we show that admixture occurred around 1640–1740 CE when Lebanon was under Ottoman rule (Figure S12). The LD-decay test also detects significant admixture that occurred during the Hellenistic period, which is consistent with our more direct inferences from the ancient individuals analyzed here (Figure S12)."

    Much better way of measuring the "African" ancestry in the Levant than using Somalis, for goodness sakes, as happens in the other paper.

    I wasn't aware, I must say, that the Caucasus influence increased that much during Ottoman rule.

    "
    Finally, we fit all the ancient and modern Lebanese data into an admixture graph model showing their relationship with other ancient populations by using data in set 2. The graph supports the results reported here, showing substantial genetic continuity in Lebanon since the Bronze Age interrupted by three significant admixture events during the Iron Age, Hellenistic period, and Ottoman period, each contributing 3%–11% of non-local ancestry to the admixed population (Figures 3 and S13)."

    I'll look at the Supplement tomorrow, but this was excellent.



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    1 members found this post helpful.
    I couldn't resist this last PCA. Fascinating. You can see the Lebanese move progressively north from Sidon, and then pulled toward the Caucasus probably during the Ottoman Era if they're correct.

    So, the Lebanese, and perhaps by implication the Jews, were already different in the Iron Age from the Bronze Age samples from Sidon. That might "lower" the amount of actual European, as in, acquired in Europe, ancestry in Jews.

    I wonder if the same thing happened to the Druze.

    In fact, it would be nice if someone did the same analysis for them. Look how close they are to Turkish Jews, who have quite a bit of Sephardic, as in Sepharads from Spain and Portugal.

    Is it possible I was on to something in saying some of the "European" admixture in Ashkenazim occurred in the Levant itself?

    I know one thing: if someone wants to model Levantine ancestry in Europe they have to take all of this into consideration. Could "some" of what is picked up as "Levantine" in Europe actually be Southeastern European?


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    Anyone know if these G2a2 lineages are found in Italy or Greece? They come from samples from Beirut in the Early Roman period.
    G2a2b-L30
    G2a2b1a2-M3302

    This one is from the Iron Age.
    G2a2a1a2-L91


    I wish so many population geneticist didn't totally ignore yDna.

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    AH HA!

    The Sardinians did occur to them, as well as modern Italian populations.





    Should have checked Sicily too. It might be up to the Crete level.


    They should have also looked at modeling Sidon plus ancient Sardinian and Sicilian samples, but this is important too.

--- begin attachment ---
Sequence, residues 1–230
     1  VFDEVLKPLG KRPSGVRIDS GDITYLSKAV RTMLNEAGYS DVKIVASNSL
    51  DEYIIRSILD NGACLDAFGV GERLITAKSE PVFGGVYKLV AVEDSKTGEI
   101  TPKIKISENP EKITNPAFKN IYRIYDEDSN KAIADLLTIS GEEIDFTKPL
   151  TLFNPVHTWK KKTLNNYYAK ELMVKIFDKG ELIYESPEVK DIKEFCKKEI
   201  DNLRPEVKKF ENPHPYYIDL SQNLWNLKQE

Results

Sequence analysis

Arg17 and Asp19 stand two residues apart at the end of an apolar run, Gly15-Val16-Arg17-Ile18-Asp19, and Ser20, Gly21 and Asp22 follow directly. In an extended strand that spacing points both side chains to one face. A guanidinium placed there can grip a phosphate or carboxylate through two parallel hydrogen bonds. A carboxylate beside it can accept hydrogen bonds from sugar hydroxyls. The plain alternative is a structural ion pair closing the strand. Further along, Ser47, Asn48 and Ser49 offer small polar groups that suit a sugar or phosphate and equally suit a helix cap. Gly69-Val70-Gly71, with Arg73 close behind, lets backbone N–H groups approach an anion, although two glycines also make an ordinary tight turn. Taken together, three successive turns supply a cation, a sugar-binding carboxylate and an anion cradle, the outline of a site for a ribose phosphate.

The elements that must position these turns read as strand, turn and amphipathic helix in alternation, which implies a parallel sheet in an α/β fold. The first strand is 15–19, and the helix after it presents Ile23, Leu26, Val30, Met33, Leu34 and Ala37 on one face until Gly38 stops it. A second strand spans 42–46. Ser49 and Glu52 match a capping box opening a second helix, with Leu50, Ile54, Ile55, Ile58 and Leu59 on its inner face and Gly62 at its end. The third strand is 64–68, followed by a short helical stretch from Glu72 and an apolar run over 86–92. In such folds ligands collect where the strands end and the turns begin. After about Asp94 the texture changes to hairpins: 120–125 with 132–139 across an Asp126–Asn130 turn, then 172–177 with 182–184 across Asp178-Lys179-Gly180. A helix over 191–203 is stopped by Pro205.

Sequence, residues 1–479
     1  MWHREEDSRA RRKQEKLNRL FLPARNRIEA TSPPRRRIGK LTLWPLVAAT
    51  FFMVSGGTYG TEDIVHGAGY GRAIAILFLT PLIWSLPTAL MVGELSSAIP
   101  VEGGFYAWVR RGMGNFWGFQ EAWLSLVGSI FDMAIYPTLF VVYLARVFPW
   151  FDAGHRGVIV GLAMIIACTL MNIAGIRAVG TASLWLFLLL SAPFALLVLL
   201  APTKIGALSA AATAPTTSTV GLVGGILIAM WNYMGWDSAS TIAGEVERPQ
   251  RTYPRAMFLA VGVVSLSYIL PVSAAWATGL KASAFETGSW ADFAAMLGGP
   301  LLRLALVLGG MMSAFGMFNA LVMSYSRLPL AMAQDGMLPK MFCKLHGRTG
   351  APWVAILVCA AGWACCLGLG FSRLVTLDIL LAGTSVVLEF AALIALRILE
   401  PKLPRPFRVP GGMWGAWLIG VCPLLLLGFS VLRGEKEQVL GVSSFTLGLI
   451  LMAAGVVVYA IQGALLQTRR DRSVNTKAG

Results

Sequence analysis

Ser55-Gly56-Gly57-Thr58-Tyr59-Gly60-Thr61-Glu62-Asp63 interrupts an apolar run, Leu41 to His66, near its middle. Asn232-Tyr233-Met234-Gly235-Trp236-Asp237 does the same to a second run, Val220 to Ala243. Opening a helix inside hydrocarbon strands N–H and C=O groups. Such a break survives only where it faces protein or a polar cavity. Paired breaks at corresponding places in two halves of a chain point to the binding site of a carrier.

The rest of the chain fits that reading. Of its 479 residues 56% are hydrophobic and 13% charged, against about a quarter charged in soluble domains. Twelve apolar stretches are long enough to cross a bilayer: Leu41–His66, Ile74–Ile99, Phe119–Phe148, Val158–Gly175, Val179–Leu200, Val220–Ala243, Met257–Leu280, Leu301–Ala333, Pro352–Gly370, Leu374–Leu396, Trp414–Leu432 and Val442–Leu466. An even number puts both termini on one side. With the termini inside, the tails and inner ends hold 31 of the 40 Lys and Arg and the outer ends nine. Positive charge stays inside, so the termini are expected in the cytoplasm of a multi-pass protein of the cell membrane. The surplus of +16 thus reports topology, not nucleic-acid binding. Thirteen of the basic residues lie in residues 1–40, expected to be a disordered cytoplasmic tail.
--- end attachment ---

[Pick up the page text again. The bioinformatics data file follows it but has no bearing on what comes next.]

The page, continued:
Last edited by Angela; 29-05-20 at 14:52.

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    1 members found this post helpful.
    Quote Originally Posted by Angela View Post
    "From the late Roman period to the medieval period, we detect an increase in African ancestry (Figure S11B), but that increase remains slightly below statistical significance (Z score = −2.4) and accounts for ∼2.9% of Lebanon_Medieval’s ancestry when ancient East Africans are used in the admixture model (Table S10). The final genetic change observed in Lebanon occurred after the Crusaders’ period but, as we showed previously,4
    was not related to the Crusaders themselves. We found4
    an increase in ancestry related to populations from the Caucasus and Turks in the modern Lebanese population after the medieval period (Figure S11C and Table S11). Using admixture-induced linkage disequilibrium (LD) decay,47
    ,48
    we show that admixture occurred around 1640–1740 CE when Lebanon was under Ottoman rule (Figure S12). The LD-decay test also detects significant admixture that occurred during the Hellenistic period, which is consistent with our more direct inferences from the ancient individuals analyzed here (Figure S12)."

    Much better way of measuring the "African" ancestry in the Levant than using Somalis, for goodness sakes, as happens in the other paper.

    I wasn't aware, I must say, that the Caucasus influence increased that much during Ottoman rule.

    "
    Finally, we fit all the ancient and modern Lebanese data into an admixture graph model showing their relationship with other ancient populations by using data in set 2. The graph supports the results reported here, showing substantial genetic continuity in Lebanon since the Bronze Age interrupted by three significant admixture events during the Iron Age, Hellenistic period, and Ottoman period, each contributing 3%–11% of non-local ancestry to the admixed population (Figures 3 and S13)."

    I'll look at the Supplement tomorrow, but this was excellent.


    Thanks a lot for this post. By African ancestry do they mean SSA only or was North African ancestry included too? In the Egyptian paper, it was also suggested that the SSA admixture in Egyptians increased in Roman times. What do you think? Are the Romans responsible for the increase in Sub-Saharan African gene flow into the Levant or rather the Arab slave trade?

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    1 members found this post helpful.